Currently, all food containing plant matter faces rigorous testing to make sure there is nothing that has been genetically modified – before it enters Germany.
But the European Commission wants to change the rules so that food with traces of genetically modified ingredients would be allowed through, and could crop up in German shops, the Süddeutsche Zeitung newspaper reported on Monday.
The Commission says the zero-tolerance approach is too inflexible and no longer sustainable. Even a dirty storage box could cause food to fail the GM-test.
But Consumer Minister Ilse Aigner of the Christian Democratic Party says the potential changes could make it harder for shoppers to make informed decisions about what they are buying and whether it is 100 percent GM-free.
Both EU Consumer Commissioner John Dalli and Germany's leading association of the food industry (BLL) disagree, saying they would welcome the “logical” change.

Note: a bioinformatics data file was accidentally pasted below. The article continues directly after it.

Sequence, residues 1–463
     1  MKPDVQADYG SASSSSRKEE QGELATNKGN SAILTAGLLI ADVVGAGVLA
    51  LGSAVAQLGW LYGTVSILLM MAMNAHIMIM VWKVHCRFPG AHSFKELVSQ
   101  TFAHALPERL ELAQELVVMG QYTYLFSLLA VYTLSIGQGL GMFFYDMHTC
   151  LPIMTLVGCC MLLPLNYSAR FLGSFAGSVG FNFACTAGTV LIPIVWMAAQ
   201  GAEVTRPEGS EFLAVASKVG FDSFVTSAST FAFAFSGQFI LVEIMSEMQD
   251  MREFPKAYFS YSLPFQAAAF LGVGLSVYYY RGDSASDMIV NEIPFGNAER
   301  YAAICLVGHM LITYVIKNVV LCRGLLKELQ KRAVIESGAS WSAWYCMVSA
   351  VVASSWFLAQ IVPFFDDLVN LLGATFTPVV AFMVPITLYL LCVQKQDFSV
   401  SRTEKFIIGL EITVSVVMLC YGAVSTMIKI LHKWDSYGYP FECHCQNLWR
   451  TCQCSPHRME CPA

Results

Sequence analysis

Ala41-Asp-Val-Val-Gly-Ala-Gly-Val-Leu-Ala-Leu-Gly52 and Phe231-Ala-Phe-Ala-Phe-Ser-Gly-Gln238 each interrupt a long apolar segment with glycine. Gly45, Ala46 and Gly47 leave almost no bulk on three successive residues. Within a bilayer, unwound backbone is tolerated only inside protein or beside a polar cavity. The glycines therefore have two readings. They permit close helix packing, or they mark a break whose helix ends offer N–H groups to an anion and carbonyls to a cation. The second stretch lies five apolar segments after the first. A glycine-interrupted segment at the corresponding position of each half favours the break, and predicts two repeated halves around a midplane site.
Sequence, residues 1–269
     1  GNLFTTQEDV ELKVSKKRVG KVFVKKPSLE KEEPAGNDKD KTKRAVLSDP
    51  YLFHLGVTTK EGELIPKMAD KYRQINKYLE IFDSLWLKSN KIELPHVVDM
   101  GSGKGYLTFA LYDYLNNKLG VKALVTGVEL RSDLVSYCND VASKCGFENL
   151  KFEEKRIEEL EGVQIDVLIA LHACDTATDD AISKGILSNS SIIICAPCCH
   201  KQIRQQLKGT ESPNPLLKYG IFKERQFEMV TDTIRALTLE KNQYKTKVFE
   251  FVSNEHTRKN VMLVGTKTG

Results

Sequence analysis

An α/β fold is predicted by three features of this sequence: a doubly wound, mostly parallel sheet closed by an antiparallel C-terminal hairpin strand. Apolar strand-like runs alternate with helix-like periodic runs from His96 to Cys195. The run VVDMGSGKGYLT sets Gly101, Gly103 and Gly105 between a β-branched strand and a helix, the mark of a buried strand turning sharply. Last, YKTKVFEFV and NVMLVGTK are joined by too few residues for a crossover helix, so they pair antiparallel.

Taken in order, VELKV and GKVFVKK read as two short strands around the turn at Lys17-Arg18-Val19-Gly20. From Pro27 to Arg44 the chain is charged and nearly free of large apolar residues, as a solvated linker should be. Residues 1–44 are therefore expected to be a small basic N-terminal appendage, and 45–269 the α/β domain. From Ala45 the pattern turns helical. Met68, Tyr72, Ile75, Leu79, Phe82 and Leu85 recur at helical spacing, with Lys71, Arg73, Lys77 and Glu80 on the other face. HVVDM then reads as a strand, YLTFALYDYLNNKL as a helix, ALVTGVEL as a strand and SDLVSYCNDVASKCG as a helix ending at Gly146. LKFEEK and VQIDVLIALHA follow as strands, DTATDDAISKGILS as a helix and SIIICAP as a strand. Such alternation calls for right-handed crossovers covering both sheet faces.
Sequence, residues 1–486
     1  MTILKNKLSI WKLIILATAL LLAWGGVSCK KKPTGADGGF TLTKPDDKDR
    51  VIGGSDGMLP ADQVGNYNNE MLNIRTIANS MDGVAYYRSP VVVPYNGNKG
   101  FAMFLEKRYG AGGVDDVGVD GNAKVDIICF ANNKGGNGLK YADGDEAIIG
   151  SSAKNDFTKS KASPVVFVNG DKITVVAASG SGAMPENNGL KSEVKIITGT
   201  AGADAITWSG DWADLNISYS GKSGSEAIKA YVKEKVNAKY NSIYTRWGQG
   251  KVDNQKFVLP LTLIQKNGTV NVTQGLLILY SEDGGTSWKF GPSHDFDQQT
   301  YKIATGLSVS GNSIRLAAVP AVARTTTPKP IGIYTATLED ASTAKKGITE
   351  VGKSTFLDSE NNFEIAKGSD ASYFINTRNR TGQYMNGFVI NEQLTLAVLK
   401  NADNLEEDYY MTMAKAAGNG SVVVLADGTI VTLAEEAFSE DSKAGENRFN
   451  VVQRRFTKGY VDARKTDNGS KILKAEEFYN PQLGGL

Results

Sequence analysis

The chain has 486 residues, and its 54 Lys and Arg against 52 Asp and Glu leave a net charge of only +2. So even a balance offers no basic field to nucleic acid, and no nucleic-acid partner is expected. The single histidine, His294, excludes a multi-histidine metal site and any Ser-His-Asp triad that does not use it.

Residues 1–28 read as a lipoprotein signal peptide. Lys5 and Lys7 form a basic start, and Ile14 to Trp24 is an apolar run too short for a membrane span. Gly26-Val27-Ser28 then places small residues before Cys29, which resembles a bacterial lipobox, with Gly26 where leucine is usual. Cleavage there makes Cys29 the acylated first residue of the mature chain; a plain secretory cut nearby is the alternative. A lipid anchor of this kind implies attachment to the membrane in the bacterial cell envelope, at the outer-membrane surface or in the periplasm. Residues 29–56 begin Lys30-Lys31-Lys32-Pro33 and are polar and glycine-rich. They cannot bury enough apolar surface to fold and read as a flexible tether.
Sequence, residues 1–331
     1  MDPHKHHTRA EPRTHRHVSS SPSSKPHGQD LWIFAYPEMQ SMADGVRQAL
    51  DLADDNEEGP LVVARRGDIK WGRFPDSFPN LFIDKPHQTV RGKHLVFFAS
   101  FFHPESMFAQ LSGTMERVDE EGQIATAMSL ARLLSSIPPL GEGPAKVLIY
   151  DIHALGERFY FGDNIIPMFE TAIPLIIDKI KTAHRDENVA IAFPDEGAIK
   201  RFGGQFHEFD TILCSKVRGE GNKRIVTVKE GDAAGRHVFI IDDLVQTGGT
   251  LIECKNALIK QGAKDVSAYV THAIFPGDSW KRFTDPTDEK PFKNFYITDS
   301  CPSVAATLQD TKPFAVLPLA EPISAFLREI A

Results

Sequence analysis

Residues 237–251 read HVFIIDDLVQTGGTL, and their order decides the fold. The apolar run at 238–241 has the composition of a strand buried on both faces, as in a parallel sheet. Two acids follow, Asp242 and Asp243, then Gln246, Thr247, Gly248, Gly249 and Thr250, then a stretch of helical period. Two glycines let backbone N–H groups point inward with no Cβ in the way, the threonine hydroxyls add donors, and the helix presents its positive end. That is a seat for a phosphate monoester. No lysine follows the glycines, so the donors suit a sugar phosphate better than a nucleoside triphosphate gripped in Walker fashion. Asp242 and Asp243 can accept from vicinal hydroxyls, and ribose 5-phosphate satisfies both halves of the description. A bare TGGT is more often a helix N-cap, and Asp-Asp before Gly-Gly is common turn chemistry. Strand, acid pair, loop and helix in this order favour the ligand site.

The BLL said guaranteeing that food was absolutely free from GM ingredients was no longer possible, due to the way the market was operating.
In 2011 the zero-tolerance policy was expanded to include animal feed, but a lobby group for the animal feed sector has warned that if it too is not relaxed, farmers could face problems giving their stock enough food.
The agriculture ministry has not confirmed this would be the case though, the Süddeutsche Zeitung said.
Aigner would not only face opposition from the country's food sector groups if she continues her campaign, but also from junior coalition partner the Free Democratic Party, which is in favour of relaxing standards.